I prayed my daughter would be beautiful. I actually asked the universe to give her blonde hair, blue or green eyes, a great smile, and a cute little nose. I used to rub my belly and chant “Charlize Theron.”
Growing up in Northern California surrounded by a sea of golden blondes meant all-American beauties were both my nightmare and best friends. I’m first generation American, born to European mutts from Paris, and I inherited strong, angular features. As a tall, dark-haired girl with broad shoulders, I stuck out in group photos. I was regularly cast as the evil villain in school plays, teased for looking “Jewish,” told I was too ugly to come to school, and barked at in hallways. Teenagers can be cruel, and it didn’t help that to be beautiful in the 1990s you had to be perfect. Everyone on TV was perfect. Models were perfect—perfect button nose, perfectly plump lips, perfect willowy shape, perfect long blonde hair.
After high school, I tried everything to live up to that standard, to boost my self confidence. I dyed my hair blonde and wore loads of pink. I learned how to apply just the right shade of self-tanner, slimmed down to a size 4, and wore what the MAC cosmetics associate described as “porn star gloss.” I pretended the old, ugly version of me never existed. I was well into my mid-20s by the time I began to fully embrace my looks. I learned to see my “flaws” as assets and how to enhance some of what naturally made me beautiful.
I always knew I wanted two children, a girl and a boy, so I was excited when the doctor told us we were having a little girl. I thought I was prepared to be the mom of a little girl, but I was surprised at how hearing the news triggered my insecurities about my appearance. During the car ride home from the appointment, I grabbed my husband’s hand and said, “You’re going to be such a great dad. I hope she is healthy and strong and a total pain in the ass just like you.” He smiled and said, “I hope she is brave and funny, and looks just like you.”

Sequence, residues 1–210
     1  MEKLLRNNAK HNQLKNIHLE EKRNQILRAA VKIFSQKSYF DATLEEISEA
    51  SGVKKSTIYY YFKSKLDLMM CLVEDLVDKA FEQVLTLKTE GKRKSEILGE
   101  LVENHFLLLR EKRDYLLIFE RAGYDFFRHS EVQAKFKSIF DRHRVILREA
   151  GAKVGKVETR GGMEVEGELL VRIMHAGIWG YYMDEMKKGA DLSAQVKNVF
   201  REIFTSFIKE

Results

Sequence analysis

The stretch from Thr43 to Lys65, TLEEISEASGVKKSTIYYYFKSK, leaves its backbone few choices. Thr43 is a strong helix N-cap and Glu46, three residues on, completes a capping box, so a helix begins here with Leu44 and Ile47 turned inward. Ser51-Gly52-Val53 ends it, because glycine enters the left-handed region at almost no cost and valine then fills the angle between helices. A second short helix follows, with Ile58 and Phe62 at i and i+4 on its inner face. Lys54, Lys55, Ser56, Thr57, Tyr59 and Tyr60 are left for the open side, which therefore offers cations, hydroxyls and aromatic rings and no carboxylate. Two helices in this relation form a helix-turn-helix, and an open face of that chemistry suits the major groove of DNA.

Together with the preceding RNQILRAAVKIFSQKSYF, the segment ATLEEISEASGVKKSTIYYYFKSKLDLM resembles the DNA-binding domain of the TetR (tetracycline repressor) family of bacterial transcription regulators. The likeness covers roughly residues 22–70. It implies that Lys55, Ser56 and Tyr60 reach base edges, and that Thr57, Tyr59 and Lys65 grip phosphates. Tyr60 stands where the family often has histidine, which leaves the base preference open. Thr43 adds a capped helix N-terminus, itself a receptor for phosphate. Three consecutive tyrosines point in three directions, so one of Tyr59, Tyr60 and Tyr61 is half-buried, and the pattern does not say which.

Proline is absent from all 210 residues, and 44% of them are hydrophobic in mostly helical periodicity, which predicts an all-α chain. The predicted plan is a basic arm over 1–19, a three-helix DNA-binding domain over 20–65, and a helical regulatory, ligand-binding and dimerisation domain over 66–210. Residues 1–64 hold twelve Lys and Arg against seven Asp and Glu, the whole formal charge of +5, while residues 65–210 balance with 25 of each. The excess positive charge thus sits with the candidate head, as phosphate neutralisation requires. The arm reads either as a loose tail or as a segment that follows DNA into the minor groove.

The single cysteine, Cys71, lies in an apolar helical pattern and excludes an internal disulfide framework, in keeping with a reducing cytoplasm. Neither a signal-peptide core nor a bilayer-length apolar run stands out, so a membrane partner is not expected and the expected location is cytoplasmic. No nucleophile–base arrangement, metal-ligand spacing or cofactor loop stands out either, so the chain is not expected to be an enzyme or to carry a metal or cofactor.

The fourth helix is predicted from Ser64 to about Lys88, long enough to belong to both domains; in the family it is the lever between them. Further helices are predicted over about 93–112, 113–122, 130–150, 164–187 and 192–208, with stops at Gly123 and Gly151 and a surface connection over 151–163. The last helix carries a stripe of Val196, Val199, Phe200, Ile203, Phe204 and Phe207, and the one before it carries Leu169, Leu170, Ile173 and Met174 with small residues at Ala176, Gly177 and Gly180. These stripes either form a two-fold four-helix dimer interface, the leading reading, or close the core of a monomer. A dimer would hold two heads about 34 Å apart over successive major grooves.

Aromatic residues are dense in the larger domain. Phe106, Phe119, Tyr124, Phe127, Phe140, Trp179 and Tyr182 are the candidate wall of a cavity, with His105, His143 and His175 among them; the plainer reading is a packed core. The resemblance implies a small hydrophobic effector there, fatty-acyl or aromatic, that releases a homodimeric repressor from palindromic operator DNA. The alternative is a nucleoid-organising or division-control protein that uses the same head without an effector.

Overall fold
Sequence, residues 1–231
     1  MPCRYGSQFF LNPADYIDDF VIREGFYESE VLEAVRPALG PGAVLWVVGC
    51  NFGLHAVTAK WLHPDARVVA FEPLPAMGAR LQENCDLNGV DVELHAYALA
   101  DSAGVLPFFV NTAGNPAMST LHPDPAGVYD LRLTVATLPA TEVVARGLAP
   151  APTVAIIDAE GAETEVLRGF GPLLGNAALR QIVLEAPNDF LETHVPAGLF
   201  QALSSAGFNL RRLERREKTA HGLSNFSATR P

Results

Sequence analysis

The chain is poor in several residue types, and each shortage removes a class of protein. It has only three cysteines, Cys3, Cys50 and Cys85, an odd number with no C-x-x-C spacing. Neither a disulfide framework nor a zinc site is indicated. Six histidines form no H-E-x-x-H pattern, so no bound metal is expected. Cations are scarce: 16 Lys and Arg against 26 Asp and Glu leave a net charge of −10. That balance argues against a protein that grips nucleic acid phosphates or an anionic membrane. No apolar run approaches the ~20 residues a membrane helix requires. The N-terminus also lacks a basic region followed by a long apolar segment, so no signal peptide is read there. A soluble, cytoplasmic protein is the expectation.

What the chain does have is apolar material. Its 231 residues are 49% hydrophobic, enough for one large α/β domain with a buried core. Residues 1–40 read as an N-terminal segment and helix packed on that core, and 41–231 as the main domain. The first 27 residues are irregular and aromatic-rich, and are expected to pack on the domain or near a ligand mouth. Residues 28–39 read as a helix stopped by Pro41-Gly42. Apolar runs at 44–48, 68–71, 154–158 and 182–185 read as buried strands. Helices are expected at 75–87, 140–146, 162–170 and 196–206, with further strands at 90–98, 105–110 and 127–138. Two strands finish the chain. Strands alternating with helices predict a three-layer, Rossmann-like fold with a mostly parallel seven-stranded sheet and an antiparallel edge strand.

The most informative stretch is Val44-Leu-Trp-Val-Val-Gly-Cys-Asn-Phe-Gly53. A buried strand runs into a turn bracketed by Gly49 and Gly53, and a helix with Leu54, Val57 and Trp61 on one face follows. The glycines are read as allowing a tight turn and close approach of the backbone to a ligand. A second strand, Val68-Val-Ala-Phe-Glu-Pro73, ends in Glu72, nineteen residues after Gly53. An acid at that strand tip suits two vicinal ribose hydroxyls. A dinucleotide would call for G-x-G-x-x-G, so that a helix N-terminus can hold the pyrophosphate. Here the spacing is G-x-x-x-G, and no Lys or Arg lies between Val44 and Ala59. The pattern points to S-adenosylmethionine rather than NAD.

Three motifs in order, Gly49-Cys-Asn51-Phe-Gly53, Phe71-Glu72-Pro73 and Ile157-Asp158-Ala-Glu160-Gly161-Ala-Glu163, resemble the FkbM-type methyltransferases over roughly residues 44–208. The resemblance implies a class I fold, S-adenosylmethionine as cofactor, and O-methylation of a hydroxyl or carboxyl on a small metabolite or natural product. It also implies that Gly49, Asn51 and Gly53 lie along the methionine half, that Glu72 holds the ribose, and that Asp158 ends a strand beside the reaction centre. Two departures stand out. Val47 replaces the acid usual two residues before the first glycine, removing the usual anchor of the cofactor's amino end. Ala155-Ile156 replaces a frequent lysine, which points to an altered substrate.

I was shocked at how angry that made me. I snapped back, “No. Not like me. God, please don’t let her look like me.”
At some point, I started to feel guilty for caring so much about how my daughter might look. I called and talked through it with some of my best blondies from back home. One of them confessed she never knew how beautiful she was and actually referred to herself as “the ugly one” among our high school friends. Another told me she always felt pressured to be “perfect in every way,” because people were constantly telling her how perfect she was. She drove herself insane trying not to disappoint anyone. I began to understand that my beautiful friends were just as insecure as I was.
And then I got my wish. My daughter is healthy and smart, funny and kind, and a very strong-willed pain in the ass. She is also lean and petite, with golden blonde hair and the most stunning blue eyes. I love every inch of her. She looks nothing like me.
It’s going to be interesting raising a “pretty girl.” Even though people stop us on the street regularly to tell me how pretty she is, I know that I’m going to have to help her learn to deal with insecurities, self confidence and image, and heartbreak. I believe my daughter is the most beautiful person on the planet, inside and out, and will do my best to help her believe that too. She will most likely think, as I did, that mothers are obligated to say things like that to their daughters. I never believed my mother.
I hope my daughter will see the beauty in others and never feel the need to compare herself. I hope she will speak up when people make comments about her or others based on appearance, because I’ve realized pretty girls don’t need that shit either. I’ve read articles about why it’s important for moms not to focus on their daughters’ looks (which I don’t) and praise them for their intelligence, humor, style and creativity (which I do), but I still tell her she’s beautiful every day. I want her to know and feel it.
After spending so much time and energy wishing for my daughter to be outwardly beautiful, I realize she would have been, even if she looked exactly like me.